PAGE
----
The Consequences of Intimacy

By Clement Yue

Everyone has heard of the butterfly effect. When a butterfly in Chicago flaps its wings, a tornado is formed in Tokyo. Whatever small actions we make, they leave a lasting impact on ourselves and the people around us. Getting intimate with other people is like chucking a boulder into a kiddy pool; the ripples are going to be enormous, and that rings true on screen.

Aung Phyoe’s Cobalt Blue is an investigation on just how far those ripples can travel and how destructive they can be to anyone in their path. It is the year 1998 in Yangon, and in the midst of civil unrest during the 8-8-8-8 uprising, a mother and son are trapped in quiet sorrow. They are about to move away from Yangon due to the husband/father’s relocation there. Both of them have found relationships with Aung Ko, a family friend who dreams of working on a ship but has no money to. Aung Ko is at in the eye of the storm. As the concentric circles of the relationships he’s built with this family tighten, they spring apart violently as the time moves them further apart.

Aung Ko has a tight relationship with everyone in the family except possibly the father who he addresses as “sir”, the formal bearing is kept probably because of social standing and that the father pays him for helping out around the house. He is much more familiar with the mother and the son, and this is what leads to his downfall.
The relationship between the mother and Aung Ko extends far below the surface. They clandestinely meet in the middle of the night, she passes him a used English textbook and he extends his invitation to her to see Upper Burma with him someday. She watches on with tears in her eyes, her entire body clothed in a wan blue light. The scene changes and the camera pans slowly to her son watching the scene unfold from the balcony. From then on she barely interacts with Aung Ko anymore, doesn’t say bye to him as they leave in the truck and even asks her husband not to lend the family money to support Aung Ko as he endeavours to find work on a ship. Why this sudden coldness? Maybe it’s a defence mechanism on her part, an attempt to distance herself from the relationship, from potential infidelity and to protect herself from inevitable hurt. It’s as if she chopped him off after that night when they met under the house and she used fire to cauterize the wound.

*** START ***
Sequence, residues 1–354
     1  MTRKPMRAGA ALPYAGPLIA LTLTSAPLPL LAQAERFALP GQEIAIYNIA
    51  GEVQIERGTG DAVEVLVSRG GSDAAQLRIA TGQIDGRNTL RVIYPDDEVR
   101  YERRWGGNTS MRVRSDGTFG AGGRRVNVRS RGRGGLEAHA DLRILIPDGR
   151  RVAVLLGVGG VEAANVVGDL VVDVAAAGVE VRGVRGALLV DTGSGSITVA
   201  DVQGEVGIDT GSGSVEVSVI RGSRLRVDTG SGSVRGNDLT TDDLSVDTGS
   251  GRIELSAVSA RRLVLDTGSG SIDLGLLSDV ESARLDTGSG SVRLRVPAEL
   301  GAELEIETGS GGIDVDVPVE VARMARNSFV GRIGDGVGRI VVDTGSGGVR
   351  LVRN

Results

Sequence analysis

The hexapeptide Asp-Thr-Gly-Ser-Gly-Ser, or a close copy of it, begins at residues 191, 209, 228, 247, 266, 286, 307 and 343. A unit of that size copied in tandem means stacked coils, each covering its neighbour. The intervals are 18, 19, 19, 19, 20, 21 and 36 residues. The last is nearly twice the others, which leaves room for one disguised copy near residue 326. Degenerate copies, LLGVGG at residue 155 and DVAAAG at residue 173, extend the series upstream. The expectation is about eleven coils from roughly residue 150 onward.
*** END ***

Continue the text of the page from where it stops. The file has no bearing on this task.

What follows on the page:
Aung Ko’s relationship with the boy is more complex. He gets the boy a goodbye card that plays music when he opens it, he wants to take the boy out, he feels like an older brother to him. After the boy witnessed the scene below the house between Aung Ko and his mother, he is increasingly hostile to Aung Ko, tearing apart the farewell card, refusing to be touched by him. The boy has been incredibly hurt by what he saw, too immature to properly process what’s going on yet mature enough to understand that wrong has been committed. He rejects the relationship between his mother and Aung Ko, accusing him of getting the farewell card for someone else and threatening to tell on him, possibly to the father.

It seems as though Aung Ko is being squeezed on all sides, and the film makes us sympathise with him as his relations with the family fall one by one like dominos. In the last scene he is the only one dressed in black, his figure diminishing as the truck pulls away, he walks towards the truck as though he wants to catch up to it but stops abruptly. Aung Ko watches the truck leave with shoulders slumped, his ties severed from the family both physically and metaphorically.
As we consider the moral greyness of the situation, Aung Ko and the mother should not be behaving in this way, meeting in the dark like teenage lovers, especially behind the husband’s back. However, the screen never shows the relationship being sexually consummated and the audience is left in suspense to what the status of the relationship really is. Are they justified in being pillars of support for each other or does it cross the line into adultery? Where is the line? Wherever it is, their actions have torn apart the relationship between Aung Ko and the boy, who know views him with suspicion and a sense of wrongdoing that he is too young to understand. His mother recognises this when he tears the farewell card in front of her and she looks at him with tear rimmed eyes. She recognises the end of an era and goes about preparing herself for it by cutting Aung Ko off. Moral ambivalence on screen is a technique used to enhance realism and to create well-rounded and complex characters. The film, through the questionable relationships onscreen reflect the instability of life off of it, especially when framed in the context of a American trade embargo and the uprising.

The butterfly theory boils down to the consequences of actions, and Aung Ko is reaping the consequences of his intimate relationship with the mother, and they have left him reeling, unsure, and left behind, reflecting the state of the country and a generation lost to dissonance.

– Clement Yue